The theory is novel and laced with paradox. By the act of helping MELCO and MHI to prosper and to grow into large corporations in its own image, Westinghouse is said to have insulated its home market from their competition in violation of the antitrust laws. The government urges that although the Agreements may not have resulted in an unreasonable restraint of trade when first signed in 1951 and 1952, at some point in 1965, when MELCO and MHI became capable of competing in the United States and capable of designing around Westinghouse's patents but for their investment in Westinghouse technology, the Agreements came to violate the antitrust laws. Accordingly, the government asked the district court to order an end to the Agreements and to require Westinghouse to license MELCO and MHI under its United States patents.
At trial the government put forward several other theories as to why the Agreements violated the antitrust laws. Chief among these theories, and the main theory on which the government went to trial, was the claim that MELCO and MHI had tacitly agreed with Westinghouse not to compete in the United States while Westinghouse had similarly agreed not to enter the Japanese market. In addition, the government charged that Westinghouse had been guilty of patent abuse and of imposing a tying arrangement by forcing MELCO and MHI to pay royalties on certain products not covered by Westinghouse patents, and by requiring MELCO and MHI to include products in the Agreements that they did not want.
II. The Merits.
In a careful opinion, the district judge answered each of the government's theories. On this appeal the government does not challenge the bulk of the court's opinion. It does not challenge the district court's rejection of its claim of a territorial allocation conspiracy — a central contention at trial — or the rejection of its claims of an illegal tying agreement and of patent abuse.
The appeal is narrow and rests on two contentions. First, the government attacks the district court's rejection of its theory that Mitsubishi has become so wedded to Westinghouse technology, because of the Agreements, as to be unable to compete in the United States market, the theory upon which the case was instituted. Second, the government argues that the district court erred in its handling of evidence that MHI and MELCO would not sell products listed in the Technical Assistance Agreements without first receiving approval from Westinghouse. We reject both arguments; the first is wholly without support in law, the second is without support in fact.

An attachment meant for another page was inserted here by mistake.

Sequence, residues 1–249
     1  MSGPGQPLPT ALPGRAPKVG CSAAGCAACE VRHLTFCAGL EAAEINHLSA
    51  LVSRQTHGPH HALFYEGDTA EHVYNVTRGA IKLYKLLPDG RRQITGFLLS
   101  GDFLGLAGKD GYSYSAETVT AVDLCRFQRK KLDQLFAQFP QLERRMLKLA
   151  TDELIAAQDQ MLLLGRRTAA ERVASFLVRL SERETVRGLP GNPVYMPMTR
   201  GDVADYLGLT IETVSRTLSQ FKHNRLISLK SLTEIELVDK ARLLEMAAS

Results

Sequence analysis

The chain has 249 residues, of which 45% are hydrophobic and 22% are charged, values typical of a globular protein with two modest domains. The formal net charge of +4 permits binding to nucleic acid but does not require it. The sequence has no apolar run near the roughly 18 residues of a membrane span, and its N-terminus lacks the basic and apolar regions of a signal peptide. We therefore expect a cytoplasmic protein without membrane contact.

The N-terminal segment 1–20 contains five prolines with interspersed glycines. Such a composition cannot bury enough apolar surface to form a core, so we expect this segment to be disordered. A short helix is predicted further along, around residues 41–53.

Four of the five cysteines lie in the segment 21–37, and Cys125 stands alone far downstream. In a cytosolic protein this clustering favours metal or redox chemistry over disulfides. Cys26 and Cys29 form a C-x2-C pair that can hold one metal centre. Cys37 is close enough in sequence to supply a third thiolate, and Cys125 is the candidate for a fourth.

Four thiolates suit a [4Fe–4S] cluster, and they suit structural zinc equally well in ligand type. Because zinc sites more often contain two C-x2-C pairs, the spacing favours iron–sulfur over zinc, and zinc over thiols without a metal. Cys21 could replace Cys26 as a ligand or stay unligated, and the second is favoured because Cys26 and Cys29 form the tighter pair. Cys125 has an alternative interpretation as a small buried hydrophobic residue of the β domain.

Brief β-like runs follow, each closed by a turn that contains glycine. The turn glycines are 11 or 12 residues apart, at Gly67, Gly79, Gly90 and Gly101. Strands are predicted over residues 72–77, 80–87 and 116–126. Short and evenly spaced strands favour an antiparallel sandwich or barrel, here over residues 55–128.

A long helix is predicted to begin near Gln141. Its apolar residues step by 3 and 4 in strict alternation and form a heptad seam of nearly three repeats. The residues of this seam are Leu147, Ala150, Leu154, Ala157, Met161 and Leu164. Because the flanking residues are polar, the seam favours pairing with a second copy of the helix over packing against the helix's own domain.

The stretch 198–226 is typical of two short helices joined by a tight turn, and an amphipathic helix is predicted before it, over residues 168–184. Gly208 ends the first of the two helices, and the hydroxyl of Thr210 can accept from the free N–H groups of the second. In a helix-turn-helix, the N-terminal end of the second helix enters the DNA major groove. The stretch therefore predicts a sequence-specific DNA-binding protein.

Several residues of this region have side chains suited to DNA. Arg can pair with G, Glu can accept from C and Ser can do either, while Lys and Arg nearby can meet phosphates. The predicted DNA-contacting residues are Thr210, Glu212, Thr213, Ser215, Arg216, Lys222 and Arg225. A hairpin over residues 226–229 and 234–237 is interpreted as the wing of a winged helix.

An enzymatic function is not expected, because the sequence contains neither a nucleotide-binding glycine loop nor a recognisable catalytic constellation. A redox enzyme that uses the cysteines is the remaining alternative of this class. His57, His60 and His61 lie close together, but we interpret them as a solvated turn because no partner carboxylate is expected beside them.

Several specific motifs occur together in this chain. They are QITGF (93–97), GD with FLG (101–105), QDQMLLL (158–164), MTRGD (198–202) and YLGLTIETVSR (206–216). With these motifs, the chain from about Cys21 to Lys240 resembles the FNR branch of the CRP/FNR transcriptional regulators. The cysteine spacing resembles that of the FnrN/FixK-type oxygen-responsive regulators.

There is an obvious tension between the patent laws and antitrust laws. One body of law creates and protects monopoly power while the other seeks to proscribe it. Bement v. National Harrow Co., 1902, 186 U.S. 70, 91, 22 S.Ct. 747, 755, 46 L.Ed. 1058; Handgards, Inc. v. Ethicon, Inc., 9 Cir., 1979, 601 F.2d 986, 992. "The patent laws which give a 17-year monopoly on `making, using or selling the invention' are in pari materia with the antitrust laws and modify them pro tanto." Simpson v. Union Oil Co., 1964, 377 U.S. 13, 24, 84 S.Ct. 1051, 1058, 12 L.Ed.2d 98.
Of course, a patent holder may run afoul of the antitrust laws. "[M]onopolization knowingly practiced under the guise of a patent procured by deliberate fraud" may violate the antitrust laws. Walker, Inc. v. Food Machinery, 1965, 382 U.S. 172, 179-80, 86 S.Ct. 347, 351-352, 15 L.Ed.2d 247 (Harlan, J., concurring). So, too the use of a patent "to acquire a monopoly which is not plainly within the terms of the grant," Mercoid Corporation v. Mid Continent Investment Co., 1944, 320 U.S. 661, 665-66, 64 S.Ct. 268, 271, 88 L.Ed. 376, as by a tying agreement, may violate the antitrust laws as may an agreement among patent holders or licensees to set prices, see, e. g., United States v. Line Material Co., 1948, 333 U.S. 287, 68 S.Ct. 550, 92 L.Ed. 701, or to refuse to grant licenses except upon condition that royalties be paid on unpatented products. Zenith Radio Corp. v. Hazeltine Research, Inc., 1969, 395 U.S. 100, 135, 89 S.Ct. 1562, 1583, 23 L.Ed.2d 129. Nor may a patentee attempt to monopolize an industry by acquiring all present and future patents relevant to that industry. Kobe, Inc. v. Dempsey Pump Co., 10 Cir., 1952, 198 F.2d 416, 422-24.